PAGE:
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Publication numberUS8143817 B2
Publication typeGrant
Application numberUS 12/382,704
Publication dateMar 27, 2012
Filing dateMar 23, 2009
Priority dateMar 26, 2008
Also published asCN101577474A, CN101577474B, EP2106018A1, US20090243519
Publication number12382704, 382704, US 8143817 B2, US 8143817B2, US-B2-8143817, US8143817 B2, US8143817B2
InventorsTomohiro Izumi, Yasuo Ibuki
Original AssigneePanasonic Electric Works Co., Ltd.
Export CitationBiBTeX, EndNote, RefMan
External Links: USPTO, USPTO Assignment, Espacenet
Electromagnetic actuator driving method
US 8143817 B2
Abstract
An electromagnetic actuator includes a stator and a movable body. The stator includes a core provided with magnetic poles and a coil wound on at least one of the magnetic poles. The movable body includes a permanent magnet and supported in such a manner as to make reciprocating in a direction perpendicular to a direction in which the permanent magnet opposes the magnetic poles. The movable body is reciprocated upon applying an alternating voltage to the coil. An electromagnetic actuator driving method for driving the electromagnetic actuator includes performing feedback control of the alternating voltage in which the alternating voltage is applied to the coil during a first half of a control period and in which an induced electromotive force generated in the coil during a second half of the control period is used as a control signal.
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Claims(9)
1. An electromagnetic actuator driving method for driving an electromagnetic actuator including a stator and a movable body, the stator including a core provided with a plurality of magnetic poles and a coil wound on at least one of the magnetic poles, the movable body including a permanent magnet arranged to oppose tip end surfaces of the magnetic poles through a magnetic gap, the movable body being supported on the electromagnetic actuator in such a manner as to make reciprocating movement in a direction perpendicular to a direction in which the permanent magnet opposes the magnetic poles, the method comprising:
the movable body being reciprocated upon applying an alternating voltage to the coil,
performing feedback control of the alternating voltage in which the alternating voltage is applied to the coil during a first half of a control period, in which the coil is in a non-magnetized state during a second half of the control period; and wherein a control signal is detected from an induced electromotive force generated in the coil during the second half of the control period.
2. The electromagnetic actuator driving method of claim 1, wherein the induced electromotive force comprises an induced electromotive voltage with a sinusoidal waveform generated in the coil during the second half of the control period.
3. The electromagnetic actuator driving method of claim 2, wherein the induced electromotive voltage with a sinusoidal waveform is used as the control signal while the induced electromotive voltage increases from zero to a maximum value.
4. The electromagnetic actuator driving method of claim 3, wherein the maximum value of the induced electromotive voltage is used as the control signal.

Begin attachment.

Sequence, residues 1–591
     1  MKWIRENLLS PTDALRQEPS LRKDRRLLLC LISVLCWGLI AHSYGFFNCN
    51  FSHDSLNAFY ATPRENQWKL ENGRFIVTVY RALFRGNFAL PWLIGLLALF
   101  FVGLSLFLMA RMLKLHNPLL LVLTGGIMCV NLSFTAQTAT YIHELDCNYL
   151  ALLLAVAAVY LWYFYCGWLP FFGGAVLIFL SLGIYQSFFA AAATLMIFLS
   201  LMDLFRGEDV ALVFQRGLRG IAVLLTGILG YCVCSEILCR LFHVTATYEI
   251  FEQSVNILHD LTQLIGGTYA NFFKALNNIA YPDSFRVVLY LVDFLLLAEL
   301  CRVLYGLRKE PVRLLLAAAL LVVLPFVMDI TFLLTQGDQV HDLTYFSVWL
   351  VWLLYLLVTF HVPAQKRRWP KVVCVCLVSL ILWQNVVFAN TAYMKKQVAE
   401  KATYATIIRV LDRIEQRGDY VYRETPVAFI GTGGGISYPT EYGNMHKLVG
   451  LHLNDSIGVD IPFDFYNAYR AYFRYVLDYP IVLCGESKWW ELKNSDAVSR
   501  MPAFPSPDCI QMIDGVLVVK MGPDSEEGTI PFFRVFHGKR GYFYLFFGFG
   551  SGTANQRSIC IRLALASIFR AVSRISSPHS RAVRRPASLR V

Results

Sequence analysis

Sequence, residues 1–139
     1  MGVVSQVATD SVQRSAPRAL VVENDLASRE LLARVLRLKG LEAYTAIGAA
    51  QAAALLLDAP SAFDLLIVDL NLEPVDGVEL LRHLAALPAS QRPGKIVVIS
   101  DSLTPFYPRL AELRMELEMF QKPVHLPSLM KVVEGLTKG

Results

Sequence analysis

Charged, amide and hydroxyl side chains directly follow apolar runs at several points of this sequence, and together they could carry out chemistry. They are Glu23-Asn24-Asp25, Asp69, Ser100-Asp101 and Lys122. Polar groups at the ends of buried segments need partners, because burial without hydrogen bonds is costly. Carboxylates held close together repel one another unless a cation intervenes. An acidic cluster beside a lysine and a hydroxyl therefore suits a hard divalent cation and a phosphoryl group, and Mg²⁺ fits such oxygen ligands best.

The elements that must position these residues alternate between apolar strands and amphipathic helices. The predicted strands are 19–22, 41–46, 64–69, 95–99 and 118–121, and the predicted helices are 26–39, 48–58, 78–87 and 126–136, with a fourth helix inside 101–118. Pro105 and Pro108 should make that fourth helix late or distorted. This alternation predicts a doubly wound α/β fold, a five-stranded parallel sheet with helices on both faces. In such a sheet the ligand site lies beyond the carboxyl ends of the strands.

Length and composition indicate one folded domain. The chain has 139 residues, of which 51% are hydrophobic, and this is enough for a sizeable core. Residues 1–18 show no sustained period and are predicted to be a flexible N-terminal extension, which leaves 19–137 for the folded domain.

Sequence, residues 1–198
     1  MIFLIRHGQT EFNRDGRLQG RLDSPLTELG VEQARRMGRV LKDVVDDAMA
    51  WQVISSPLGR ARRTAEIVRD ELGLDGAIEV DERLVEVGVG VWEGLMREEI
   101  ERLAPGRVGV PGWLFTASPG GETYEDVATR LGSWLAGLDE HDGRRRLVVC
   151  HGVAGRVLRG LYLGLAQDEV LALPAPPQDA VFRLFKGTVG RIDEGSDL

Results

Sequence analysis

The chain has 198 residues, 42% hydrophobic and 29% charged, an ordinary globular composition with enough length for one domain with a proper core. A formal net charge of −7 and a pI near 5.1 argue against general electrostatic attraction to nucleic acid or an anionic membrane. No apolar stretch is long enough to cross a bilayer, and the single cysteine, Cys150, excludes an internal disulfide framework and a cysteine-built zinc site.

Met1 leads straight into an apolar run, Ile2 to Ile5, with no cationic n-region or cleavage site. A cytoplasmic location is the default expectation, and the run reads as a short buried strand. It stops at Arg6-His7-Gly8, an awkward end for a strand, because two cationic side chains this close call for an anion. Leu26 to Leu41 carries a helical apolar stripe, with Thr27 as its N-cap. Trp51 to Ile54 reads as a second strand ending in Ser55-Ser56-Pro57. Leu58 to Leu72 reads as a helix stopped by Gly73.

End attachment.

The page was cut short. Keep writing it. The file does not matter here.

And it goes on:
5. The electromagnetic actuator driving method of claim 2, wherein an integration value of the induced electromotive voltage is used as the control signal.
6. The electromagnetic actuator driving method of claim 1, wherein the alternating voltage is applied to the coil by an inverter circuit including a transistor circuit, the transistor circuit being on-off controlled to apply the alternating voltage to the coil under a flywheel effect.
7. The electromagnetic actuator driving method of claim 6, wherein the transistor circuit of the inverter circuit includes upper and lower transistor circuits, and wherein the on-time, off-time and on/off operation of the upper and lower transistor circuits is controlled in combination.
8. The electromagnetic actuator driving method of claim 7, wherein the lower transistor circuit is kept in an off-state during the second half of the control period.
9. The electromagnetic actuator driving method of claim 1, wherein the deviation of the induced electromotive force from a target value is calculated in every displacement of the movable body, and wherein the duty ratio of a control output is changed depending on the deviation thus calculated.
Description
FIELD OF THE INVENTION

The present invention relates to a method for driving a vibrating-type electromagnetic actuator preferably applicable to an electric shaver and designed to cause a movable body to make reciprocating movement.

BACKGROUND OF THE INVENTION

A driving circuit for a vibrating-type electromagnetic actuator is known in the art as a driving circuit that drives a resonance system capable of converting or preserving energy through the use of the elasticity of an elastic body and the inertia of a movable body with mass. The vibrating-type electromagnetic actuator includes a stator with a coil, a movable body with a permanent magnet, and a frame portion for reciprocatably supporting the movable body through a spring, the stator being fixed to the frame portion. The driving circuit for this vibrating-type electromagnetic actuator reciprocates the movable body through sensorless feedback control of the application time of an alternating voltage applied to the coil. At this time, a signal indicative of the position where the moving direction of the movable body is inverted (hereinafter referred to as a “phase reference signal”), i.e., a signal indicative of the timing at which the induced electromotive voltage excited in the coil becomes nearly zero, and a signal indicative of the velocity of the movable body ((hereinafter referred to as a “velocity signal”), i.e., the induced electromotive voltage available after a specified time has lapsed from detection of the phase reference signal, are used as control signals (see, e.g., Japanese Patent Laid-open Publication Nos. 7-265560 and 7-313749).